Conversions of Delaware Corporations

By Elliot Weiss

The level of approval needed to convert a Delaware corporation into another type of entity has recently changed—this pursuant to a 2022 amendment of Section 266 of the Delaware General Corporations Laws (DGCL).

Previously, approval of all stockholders—regardless of voting rights—was needed to authorize a conversion of a Delaware corporation. The idea was that a unanimous all stock voting requirement protected stockholders who might be negatively impacted if a company was converted into an entity having different governance and ownership rights. Section 266 in its original form also removed the need to extend appraisal rights in the context of a conversion.

The problem with the unanimous all stock requirement was that it created roadblocks for companies looking to utilize Delaware’s conversion statutes to convert into a foreign entity and, in certain cases, required domestic corporations to rely upon DGCL merger statutes to achieve redomestication—a solution that could be rather complex, costly and time consuming.

Consequently, the statute was amended last year. Under Section 266(b) as revised, any board of a Delaware corporation seeking conversion is now required to adopt a resolution approving the change. That resolution must (1) specify the type of entity that the domestic corporation is to be converted into and (2) recommend that the stockholders of the company approve the conversion. There is more. The amendment additionally mandates stockholder approval of the conversion, but not by unanimous all stock vote. Rather, a simple majority of the outstanding shares entitled to vote are needed to adopt the resolution and authorize conversion.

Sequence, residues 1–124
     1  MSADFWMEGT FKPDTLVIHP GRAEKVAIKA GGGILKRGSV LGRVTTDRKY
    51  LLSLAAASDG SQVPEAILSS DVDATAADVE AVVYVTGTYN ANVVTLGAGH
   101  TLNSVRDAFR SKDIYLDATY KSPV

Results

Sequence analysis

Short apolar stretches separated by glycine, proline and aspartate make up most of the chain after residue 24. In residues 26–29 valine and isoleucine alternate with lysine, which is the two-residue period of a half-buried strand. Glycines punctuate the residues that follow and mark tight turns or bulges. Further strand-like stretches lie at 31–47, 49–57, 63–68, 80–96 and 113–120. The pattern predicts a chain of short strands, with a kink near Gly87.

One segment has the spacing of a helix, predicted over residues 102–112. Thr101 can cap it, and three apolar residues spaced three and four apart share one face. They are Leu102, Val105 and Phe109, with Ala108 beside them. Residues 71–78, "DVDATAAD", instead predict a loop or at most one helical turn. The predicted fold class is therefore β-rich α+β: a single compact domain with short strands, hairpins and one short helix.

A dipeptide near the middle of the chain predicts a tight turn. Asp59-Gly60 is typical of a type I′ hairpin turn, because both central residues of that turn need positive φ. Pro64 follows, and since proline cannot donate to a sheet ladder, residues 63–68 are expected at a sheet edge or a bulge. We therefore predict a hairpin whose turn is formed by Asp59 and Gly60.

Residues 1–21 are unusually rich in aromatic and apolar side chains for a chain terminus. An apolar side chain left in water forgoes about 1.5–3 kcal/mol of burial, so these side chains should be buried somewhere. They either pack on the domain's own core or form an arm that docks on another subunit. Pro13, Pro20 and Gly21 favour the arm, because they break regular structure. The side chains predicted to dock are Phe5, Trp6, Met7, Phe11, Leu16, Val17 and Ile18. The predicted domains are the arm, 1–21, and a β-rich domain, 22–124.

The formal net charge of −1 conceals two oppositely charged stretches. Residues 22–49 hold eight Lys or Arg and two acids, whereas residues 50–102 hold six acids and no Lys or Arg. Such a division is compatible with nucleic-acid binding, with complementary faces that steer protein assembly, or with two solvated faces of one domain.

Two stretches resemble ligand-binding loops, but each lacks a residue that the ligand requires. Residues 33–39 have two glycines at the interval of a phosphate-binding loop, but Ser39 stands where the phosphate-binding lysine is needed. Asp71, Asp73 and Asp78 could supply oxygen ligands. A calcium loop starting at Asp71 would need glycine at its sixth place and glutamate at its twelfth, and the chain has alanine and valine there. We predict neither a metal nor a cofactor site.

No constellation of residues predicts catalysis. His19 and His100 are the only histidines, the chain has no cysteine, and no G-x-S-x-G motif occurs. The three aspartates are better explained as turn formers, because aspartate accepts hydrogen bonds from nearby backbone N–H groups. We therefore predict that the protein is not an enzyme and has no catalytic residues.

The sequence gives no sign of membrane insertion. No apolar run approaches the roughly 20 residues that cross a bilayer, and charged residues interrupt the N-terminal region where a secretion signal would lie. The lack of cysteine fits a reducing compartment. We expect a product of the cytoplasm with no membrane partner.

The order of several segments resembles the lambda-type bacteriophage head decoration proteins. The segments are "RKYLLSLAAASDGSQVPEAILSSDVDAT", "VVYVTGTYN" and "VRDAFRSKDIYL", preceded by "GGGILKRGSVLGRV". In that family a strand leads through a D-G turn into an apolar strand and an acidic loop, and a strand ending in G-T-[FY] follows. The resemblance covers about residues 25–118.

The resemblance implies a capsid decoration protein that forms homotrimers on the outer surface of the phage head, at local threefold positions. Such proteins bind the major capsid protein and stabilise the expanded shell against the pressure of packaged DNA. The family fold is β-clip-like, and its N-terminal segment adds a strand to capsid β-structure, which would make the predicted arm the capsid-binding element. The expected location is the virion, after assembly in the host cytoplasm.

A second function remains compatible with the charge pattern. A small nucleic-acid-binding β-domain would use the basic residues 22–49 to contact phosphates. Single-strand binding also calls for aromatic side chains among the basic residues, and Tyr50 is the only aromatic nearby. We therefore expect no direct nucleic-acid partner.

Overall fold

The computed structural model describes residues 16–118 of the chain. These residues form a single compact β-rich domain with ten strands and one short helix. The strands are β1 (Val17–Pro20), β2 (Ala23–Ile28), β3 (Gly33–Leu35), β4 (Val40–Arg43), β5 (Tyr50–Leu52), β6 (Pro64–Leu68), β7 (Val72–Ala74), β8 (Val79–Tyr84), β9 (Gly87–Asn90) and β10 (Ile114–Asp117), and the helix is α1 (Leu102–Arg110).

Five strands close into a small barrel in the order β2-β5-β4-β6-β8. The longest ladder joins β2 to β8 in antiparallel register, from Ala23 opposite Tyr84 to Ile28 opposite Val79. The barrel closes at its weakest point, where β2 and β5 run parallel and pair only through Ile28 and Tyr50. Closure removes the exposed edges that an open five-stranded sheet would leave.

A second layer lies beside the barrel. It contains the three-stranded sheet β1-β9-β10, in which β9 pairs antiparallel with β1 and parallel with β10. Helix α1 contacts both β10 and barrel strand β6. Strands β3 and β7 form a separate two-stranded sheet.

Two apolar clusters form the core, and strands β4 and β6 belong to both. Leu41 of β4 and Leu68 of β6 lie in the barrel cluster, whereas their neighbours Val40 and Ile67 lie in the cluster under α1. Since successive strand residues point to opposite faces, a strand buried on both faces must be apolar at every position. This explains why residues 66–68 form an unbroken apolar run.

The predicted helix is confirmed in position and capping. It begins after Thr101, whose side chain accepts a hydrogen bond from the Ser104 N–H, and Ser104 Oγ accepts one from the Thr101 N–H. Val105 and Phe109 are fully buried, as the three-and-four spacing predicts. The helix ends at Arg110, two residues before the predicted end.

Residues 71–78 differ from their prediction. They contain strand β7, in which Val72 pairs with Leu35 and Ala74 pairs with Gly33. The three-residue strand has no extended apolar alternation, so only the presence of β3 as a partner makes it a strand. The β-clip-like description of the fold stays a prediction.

Significantly, the following stockholder protections apply to conversions under the amendment to Section 266(b):

1. If a corporation is converting into a partnership having one or more general partners, then in addition to the requisite stockholder approval, authorization of the proposed conversion also requires the approval of each stockholder slated to become a general partner;

2. In the event a certificate of incorporation or voting agreement dated (or effective) before August 1, 2022 restricts or places conditions upon a merger or consolidation, the same restrictions or conditions will apply to an approved conversion unless the certificate of incorporation or voting agreement expressly provides otherwise; and

3. Statutory appraisal rights of stockholders under Section 262 apply in the context of the conversion of a Delaware corporation.

The change to Section 266—from requiring unanimity to now just a simple majority of outstanding shares entitled to vote to adopt a resolution and authorize conversion—should increase the use of the DGCL conversion statutes and expedite the process and timeline by which boards can expect to complete statutory conversions while at the same time maintaining appropriate protections and safeguards for the benefit of stockholders.

This blog post is not offered, and should not be relied on, as legal advice. You should consult an attorney for advice in specific situations.